So software now exists that quickly and accurately tests customer responses to different ideas and finds the optimal set.”) Fortunately. Fostering Organizational Innovation How can we implement winning “human + machine” strategies? The solution is organizational innovation: inventing new organizational structures. Even though computers have made amazing recent progress in pattern recognition. platforms like eBay. and get the clothes they ordered within a couple of 58 MIT SLOAN MANAGEMENT REVIEW WINTER 2012 days. Zara relies on the abilities of its store managers around the world to discern emerging fashion trends in their communities and customer bases. using models based on past sales to predict future trends and demand. and they are lost when asked to work even a little outside a predefined domain. even distribution and delivery can be automated. Massachusetts. logos and so on — and the software ran a Web-based survey to find the best mix. However. managers and entrepreneurs should think about developing new business models and processes that combine workers with ever more powerful technology to create’s marketplace have spurred thousands of people to earn their livings by selling new. People are much more creative than computers — but are too often bad at determining which of their ideas are any good.I N F O R M AT I O N T E C H N O L O G Y processing. suppliers and partners globally to create and deliver value. they’re still not any good at figuring out things like what teenagers will want to wear next. Another example of effectively combining the skills of people and technology is the way the office supply chain Staples used an application developed by Affinnova. For digital goods. humans are strongest exactly where computers are weak. Leverage IT to enable new forms of human collaboration and commerce. Let humans be creative — and use technology to test their ideas. Machines are also providing radically new ways for people to work together to solve scientific problems. Computers lack intuition and creativity. 3. Instead of relying on algorithms to try to determine what will sell next. They fill it out and send it back. The combination of human insight and speedy technology makes Zara far more responsive and agile than its competitors. The Zara chain of clothing stores. in some cases. takes a very different approach.MIT. For instance. processes and business models that leverage ever-advancing technology and human skills. computers have three failings. technology SLOANREVIEW. even marketing and pricing decisions. or how they should best be combined. when determining the new packaging for its line of copy papers. it results in only incremental productivity improvements.16 The Internet has also been a particularly rich breeding ground for new marketplaces and ecosystems that combine human and machine capabilities. 2. Technology manages most of the matching of buyers and sellers. Create processes that combine the speed of technology with human insight. a software and consulting company based in Waltham. Simply substituting machines for human labor rarely adds much value or high returns.17 What’s more. For instance. People came up with the elements of the Staples packaging — colors. the mechanics of the transactions and. UW researchers credited these players with figuring out the structure of an AIDS-like virus. many fashion retailers still try to plan their collections far in advance. improved or simply unusual or cheaper products to a worldwide customer base. In the iTunes and Android marketplaces. These managers get an electronic form twice a week showing all available garments. Foldit is a social game developed at the University of Washington that enlists hundreds of thousands of players who compete to fold and manipulate molecules. which is part of the Spanish company Inditex. Store managers are also regularly consulted about the trends that they’re noticing so that the company can keep making the clothes young people feel they have to have. Recently. Google’s Android operating system and Amazon. Instead.EDU . repetitive arithmetic and error-free consistency and are quickly getting better at complex communication and pattern matching. Here is a sampling of the smart ways companies are mixing human and machine capabilities: 1. creating a potentially beautiful partnership. Such strategies require more than just automating existing jobs without really rethinking them. (See “Skills That Will Remain in Demand. Some companies are showing how to effectively race with machines — how to combine the relative strengths of people and digital technologies and achieve good business results. Apple’s iTunes. they can be painfully fragile in uncertain or unpredictable environments. it facilitates the operation of “micromultinationals” — small businesses that work with customers. slogans.

Computers can only generate the simplest. Computers don’t know what’s wrong or where the next opportunities are.EDU SKILLSTHAT WILL REMAIN IN DEMAND Computers are getting much better at pattern recognition. and they can’t think “outside the box. CVS could rapidly propagate the innovation to over 4. Within a year. which in turn leveraged the broader World Wide Web. already had an operationally optimized call center where callers were automatically routed to customer service reps with expertise in the product a customer was calling about. But when the company brought in mathematicians and actuaries to study the data the call center generated. Knowing which analyses to conduct and how to interpret their results is more valuable than ever. They’re not creative. they discovered that. 5. Because the process of innovation often relies heavily on combining and recombining previous innovations. Although he had very little formal training in programming. We are biologically wired to react to human attention and the human touch in a way that no machine can replicate. most formulaic prose. Use human insight to apply IT — and IT-generated data — to create more effective processes. even as computers advance. For example. •Good writing. More important.leverages creativity to make it possible to deliver a “long tail” of new niche products that otherwise would likely never reach a wide market.000-fold economic impact quickly and accurately because it was embedded in easily replicated technology. instead of depleting the stock of resources the way minerals or farmland could be depleted in the old economy. simple Facebook application for sharing photos. complex communication and many other skills. For instance. That means that jobs that involve human nurturing and interaction. We think Google chief economist Hal Varian was on to something when he said that “the sexy job in the next 10 years will be statisticians. Assurant Solutions. which sells credit insurance and debt protection products. which in turn leveraged the Internet protocols. These limitations point to some skills that people should acquire if they want to be successful using machines in the future. new innovations often add to the set of innovations available to the next entrepreneur. This is deeply misguided. which in turn leveraged the cheap computers of Moore’s Law and many other innovations. This contrasts with the slow and error-prone paper-based or training-oriented procedures that were used for propagating processes a decade ago. That may be good for businesses — but it’s not always good for individual employees. it embedded the process in an enterprise IT system. who may not be able to adapt as quickly as technology is advancing. which might explain why Montessori graduates are so common among the elite of the tech industry — the masters of racing with machines. It turns out that organizations need dedicated managers working with teams. increasing overall customer satisfaction scores from 86 to 91. •Framing problems and solving open-ended problems. Once people develop new.18 4. will continue to defy automation. the more opportunities there are for innovation. he had over 1 million users. perhaps. use IT to propagate those processes. Some think that the era of “big data” and powerful software means that fewer people have to master the gritty details of statistical analysis. lots of us do at least some writing. improved processes. WINTER 2012 MIT SLOAN MANAGEMENT REVIEW 59 . an MIT student in one of our classes created a SLOANREVIEW. Does anyone seriously think that a great salesperson will be unable to find work. How can you prepare yourself — and. Management is one of the most durable professions. the broader and deeper the pool of accessible ideas and individuals. even in a highly digitized economy? •Human interaction and nurturing. Technology thus makes it easier to replicate not just innovative digital products but also innovative business processes. Solving open-ended problems entails both perceiving the challenge and addressing it. It’s a major feature of primary and secondary educational systems like Montessori.000 physical locations. this one process innovation created a 4.”i •Negotiation and group dynamics. ever-smarter computers? One key is realizing that there are still many things computers are no good at. Assurant Solutions reported that the success rate of its call center almost tripled. This was possible because his application leveraged the Facebook user base. New businesses are often recombinations of previous ones. Getting good at it is a way to stand out from the crowd — and from the machines. In effect. he created a robust and professionallooking app in a few days using standard tools. for whatever reason. •Persuasion. instead of competing against computers: •Applied math and statistics. your children — for careers in a fast-changing economy filled with ever-faster. More and more industries have a core of software. advancing their agendas and working with their members. By automatically routing calls to customer service reps more likely to develop a rapport with such customers. certain reps did much better with certain types of customers. CVS could assure that every clerk and pharmacist would adhere to the new process precisely as it had been designed. Because the process was tightly coupled with technology. when the drugstore chain CVS developed an improved prescription drug ordering process for its pharmacies. such as child care and nursing.19 Combinatorial Innovation When businesses are based on bits instead of atoms.” And they’re not very empathic. While few people write for a living.MIT. He could not have created value for his million users without the existence of these prior inventions.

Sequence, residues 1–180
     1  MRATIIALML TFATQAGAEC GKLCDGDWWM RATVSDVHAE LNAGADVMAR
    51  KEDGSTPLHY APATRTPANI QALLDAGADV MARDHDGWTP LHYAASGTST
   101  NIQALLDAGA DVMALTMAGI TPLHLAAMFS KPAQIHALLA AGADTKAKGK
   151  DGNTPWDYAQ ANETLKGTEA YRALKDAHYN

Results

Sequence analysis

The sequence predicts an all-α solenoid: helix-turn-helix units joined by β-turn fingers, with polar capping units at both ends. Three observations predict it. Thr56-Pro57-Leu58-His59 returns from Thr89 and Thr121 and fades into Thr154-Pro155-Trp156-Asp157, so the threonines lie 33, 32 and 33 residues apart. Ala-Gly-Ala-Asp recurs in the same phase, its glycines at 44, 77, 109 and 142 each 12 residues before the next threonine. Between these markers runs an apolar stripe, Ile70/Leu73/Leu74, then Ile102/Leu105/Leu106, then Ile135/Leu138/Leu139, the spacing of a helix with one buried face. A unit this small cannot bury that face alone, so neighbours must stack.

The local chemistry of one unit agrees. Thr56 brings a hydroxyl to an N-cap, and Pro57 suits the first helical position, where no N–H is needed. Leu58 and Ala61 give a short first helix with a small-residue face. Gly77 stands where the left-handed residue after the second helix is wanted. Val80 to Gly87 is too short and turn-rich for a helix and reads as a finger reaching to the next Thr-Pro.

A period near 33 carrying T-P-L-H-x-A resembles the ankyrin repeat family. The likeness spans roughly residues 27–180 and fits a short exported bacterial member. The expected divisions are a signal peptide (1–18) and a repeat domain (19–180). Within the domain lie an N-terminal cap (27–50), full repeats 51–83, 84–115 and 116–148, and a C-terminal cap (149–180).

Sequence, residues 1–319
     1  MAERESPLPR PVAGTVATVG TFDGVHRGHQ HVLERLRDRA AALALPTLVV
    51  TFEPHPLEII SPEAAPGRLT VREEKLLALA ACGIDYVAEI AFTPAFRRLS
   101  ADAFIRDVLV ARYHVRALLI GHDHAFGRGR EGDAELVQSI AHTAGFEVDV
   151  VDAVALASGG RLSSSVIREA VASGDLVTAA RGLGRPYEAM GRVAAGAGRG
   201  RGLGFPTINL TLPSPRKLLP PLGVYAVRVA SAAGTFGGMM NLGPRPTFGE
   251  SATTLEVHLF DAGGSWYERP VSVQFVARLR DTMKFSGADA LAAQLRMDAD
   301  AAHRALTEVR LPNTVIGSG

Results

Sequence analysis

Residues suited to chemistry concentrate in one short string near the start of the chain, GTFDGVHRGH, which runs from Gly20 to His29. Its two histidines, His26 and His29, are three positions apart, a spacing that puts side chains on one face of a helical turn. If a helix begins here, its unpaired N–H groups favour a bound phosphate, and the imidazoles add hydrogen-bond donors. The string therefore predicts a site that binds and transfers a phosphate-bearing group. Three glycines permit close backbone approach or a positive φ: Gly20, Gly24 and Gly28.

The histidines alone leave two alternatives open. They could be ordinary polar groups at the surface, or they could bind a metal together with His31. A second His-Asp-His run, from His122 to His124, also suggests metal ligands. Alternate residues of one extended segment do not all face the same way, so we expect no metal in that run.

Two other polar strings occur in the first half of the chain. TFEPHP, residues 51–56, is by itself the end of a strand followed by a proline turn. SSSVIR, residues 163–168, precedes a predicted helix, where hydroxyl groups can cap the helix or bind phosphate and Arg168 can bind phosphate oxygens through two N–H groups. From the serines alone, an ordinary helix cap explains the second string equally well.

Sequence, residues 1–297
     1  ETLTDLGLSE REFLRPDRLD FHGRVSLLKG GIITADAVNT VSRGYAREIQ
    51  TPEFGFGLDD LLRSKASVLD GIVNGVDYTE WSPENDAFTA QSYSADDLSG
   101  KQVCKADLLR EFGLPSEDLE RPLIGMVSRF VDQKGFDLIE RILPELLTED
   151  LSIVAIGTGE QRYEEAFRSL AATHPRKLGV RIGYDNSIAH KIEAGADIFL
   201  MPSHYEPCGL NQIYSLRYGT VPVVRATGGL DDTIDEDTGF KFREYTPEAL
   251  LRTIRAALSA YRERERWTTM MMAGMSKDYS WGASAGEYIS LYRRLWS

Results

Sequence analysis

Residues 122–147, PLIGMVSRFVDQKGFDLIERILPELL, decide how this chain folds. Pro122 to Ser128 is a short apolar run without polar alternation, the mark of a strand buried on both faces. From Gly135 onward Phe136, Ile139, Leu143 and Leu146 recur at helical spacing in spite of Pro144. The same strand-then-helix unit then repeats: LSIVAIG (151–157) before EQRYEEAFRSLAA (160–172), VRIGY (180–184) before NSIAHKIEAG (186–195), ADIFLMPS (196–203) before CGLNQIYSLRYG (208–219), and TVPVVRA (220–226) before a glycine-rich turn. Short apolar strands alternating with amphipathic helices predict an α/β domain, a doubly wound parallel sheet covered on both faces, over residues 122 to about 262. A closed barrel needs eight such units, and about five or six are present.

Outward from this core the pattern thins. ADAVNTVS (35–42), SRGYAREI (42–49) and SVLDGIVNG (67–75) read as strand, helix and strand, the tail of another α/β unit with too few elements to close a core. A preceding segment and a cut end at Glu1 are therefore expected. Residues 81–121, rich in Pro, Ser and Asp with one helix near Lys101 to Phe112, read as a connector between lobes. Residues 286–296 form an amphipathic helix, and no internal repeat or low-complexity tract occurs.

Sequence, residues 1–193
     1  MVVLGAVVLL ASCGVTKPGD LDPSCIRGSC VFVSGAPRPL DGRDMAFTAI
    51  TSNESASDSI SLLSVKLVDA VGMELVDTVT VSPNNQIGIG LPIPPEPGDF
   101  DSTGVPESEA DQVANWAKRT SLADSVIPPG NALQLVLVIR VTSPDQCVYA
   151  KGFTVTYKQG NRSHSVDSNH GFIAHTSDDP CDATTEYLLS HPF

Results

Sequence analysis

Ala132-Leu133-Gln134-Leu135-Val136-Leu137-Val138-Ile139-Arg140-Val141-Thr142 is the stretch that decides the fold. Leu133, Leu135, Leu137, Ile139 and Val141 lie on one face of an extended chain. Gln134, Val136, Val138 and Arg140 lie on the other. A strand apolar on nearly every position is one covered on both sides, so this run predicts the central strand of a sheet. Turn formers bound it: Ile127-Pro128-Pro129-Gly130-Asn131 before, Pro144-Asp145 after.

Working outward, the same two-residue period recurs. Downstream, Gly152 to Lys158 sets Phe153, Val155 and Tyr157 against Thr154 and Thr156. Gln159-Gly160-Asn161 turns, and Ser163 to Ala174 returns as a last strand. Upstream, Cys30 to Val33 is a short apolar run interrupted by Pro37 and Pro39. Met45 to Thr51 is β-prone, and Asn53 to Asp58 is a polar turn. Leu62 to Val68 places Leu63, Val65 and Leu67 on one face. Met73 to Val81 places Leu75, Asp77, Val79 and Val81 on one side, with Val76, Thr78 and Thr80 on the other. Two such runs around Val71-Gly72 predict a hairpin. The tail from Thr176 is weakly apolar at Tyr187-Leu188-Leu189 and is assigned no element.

Z.06 × 1067.” June 4. about the number of atoms in our galaxy. “Designing a Digital Future: Federally Funded Research and Development in Networking and Information Technology.S. but some surely will be. McAfee and E.blogspot. September 12. Copeland. Most of the digital economy’s potential for combinatorial innovation remains yet to be tapped. G. http://googleblog. SLOANREVIEW. http://news.0.) That is far. “What We’re Driving At. If there were only 52 tasks in the company. Aug. Pichova. J. Krzywda. Combinatorial explosion is one of the few mathematical functions that outgrows an exponential trend.” Harvard Business Review 86 (July-August 2008): 98-107. “Information and Communications Technology as a General-Purpose Technology: Evidence From U.S Industry Data. Basu and J. far more than the number of grains of rice on the second half of the chessboard. no. G. S. 4. REFERENCES 1.” 5. 2004). 1965. Railroad construction crews in that period blasted tunnels though mountainsides by drilling holes into the rock. S. Kazmierczyk. Here’s a simple illustration: Suppose the people in a small company write down their work tasks — one task per card. Jeopardy! contestants are shown answers and must ask questions that would yield these answers. 14. President’s Council of Advisors on Science and Technology. Portions of this article were adapted from Brynjolfsson and McAfee’s new e-book. Moore. 2004. 7.” Nature Structural & Molecular Biology 18 (2011): 1175-1177. 2009. Copyright © Massachusetts Institute of Technology. H. Driving Productivity and IrreversiblyTransforming Employment and the Economy (Digital Frontier Press. www. “Matchmaking With Math: How Analytics Beats Intuition to Win Customers. S. R. “Computer Wins on ‘Jeopardy!’: Trivial. 2010.V. and a small fraction may be “home runs” that generate enormous value. 114-117. Foldit Contenders Group.” New York Times. Murnane. we have more possible ways to configure the different applications. Khatib. 13. February 11. packing the holes with explosives and detonating them to lengthen the tunnel. M. M. 3. 2012. Kurzweil.” October 9. 60 MIT SLOAN MANAGEMENT REVIEW WINTER 2012 Reprint 53208. It’s Not. or contact the authors at smrfeedback@mit. or even a second or third chessboard. 2003. Fernald.MIT. “The Chess Master and the Baker. 6. Parallel experimentation by millions of entrepreneurs and innovative managers is the best and fastest way to identify the combinations of economic building blocks that will make a positive difference. 2011. 18. Kasparov. 19 A. 15. San Francisco. 2000). ´ M.popsci. California. com.EDU .E. Greene. “Investing in the IT That Makes a Competitive Difference. M. Popovic. K. “The Mighty Micro-Multinational.” Business 2. M. Markoff. (52! is shorthand for 52 × 51 × 50 ×… × 2 × 1. Gilski. Hooper. “Cramming More Components Onto Integrated Circuits. Andrew McAfee (@amcafee) is a principal research scientist and associate director at the MIT Center for Digital Business. 2. Just One Word: J. 8.” February Zabranska. Levy and Murnane. i. “The Age of Spiritual Machines: When Computers Exceed Human Intelligence” (New York: Penguin Books. All rights reserved. “For Today’s Graduate.” Technology Review.” MIT Sloan Management Review 52. 12. 2006. April 19. Levy and R.” December 2010. Thompson.whitehouse. J. all the possible new products and processes latent in all the possible combinations of the building blocks that can be configured to create value in today’s digital economy. 2011). tasks and distribution channels to create new processes and products than we could ever exhaust. 10. New Jersey: Princeton University Press. Ibid. F. July 1. Thrun. No central planner could imagine. 2011.” New York Review of Books. “A New and Improved Moore’s Law.” Electronics.I N F O R M AT I O N T E C H N O L O G Y We are in no danger of running out of new combinations to try. which multiplies to over 8. Race Against the Machine: How the Digital Revolution Is Accelerating Innovation. Brokaw. machines. 2010. “The New Division of Labor: How Computers Are Creating the Next Job Market” (Princeton. 17. F. F. Federal Reserve Bank of San Francisco. “Moore’s Law to Roll on for Another Decade.” New York Times. Cooper. let alone consider and evaluate. Hopkins and L. 16. Comment on this article at http://sloanreview. Jaskolski and D. then there would be 52! different ways to arrange these tasks. “Crystal Structure of a Monomeric Retroviral Protease Solved by Protein Folding Game Players. as many as in a standard deck of cards.cnet. To be precise. Most of the combinations may be no better than what we already have. M. www. S. 11. Kanellos. 2006. Erik Brynjolfsson (@erikbryn) is the director of the MIT Center for Digital Business and the Schussel Family Professor at the MIT Sloan School of Management. “The New Division of Labor. Foldit Void Crushers Group. Even if technology froze today. Feb. “From DARPA Grand Challenge 2004: DARPA’s Debacle in the Desert. 2 (winter 2011): 35-41. DiMaio. 5. Brynjolfsson. 17.” Working Paper Series 2006-29. Lohr.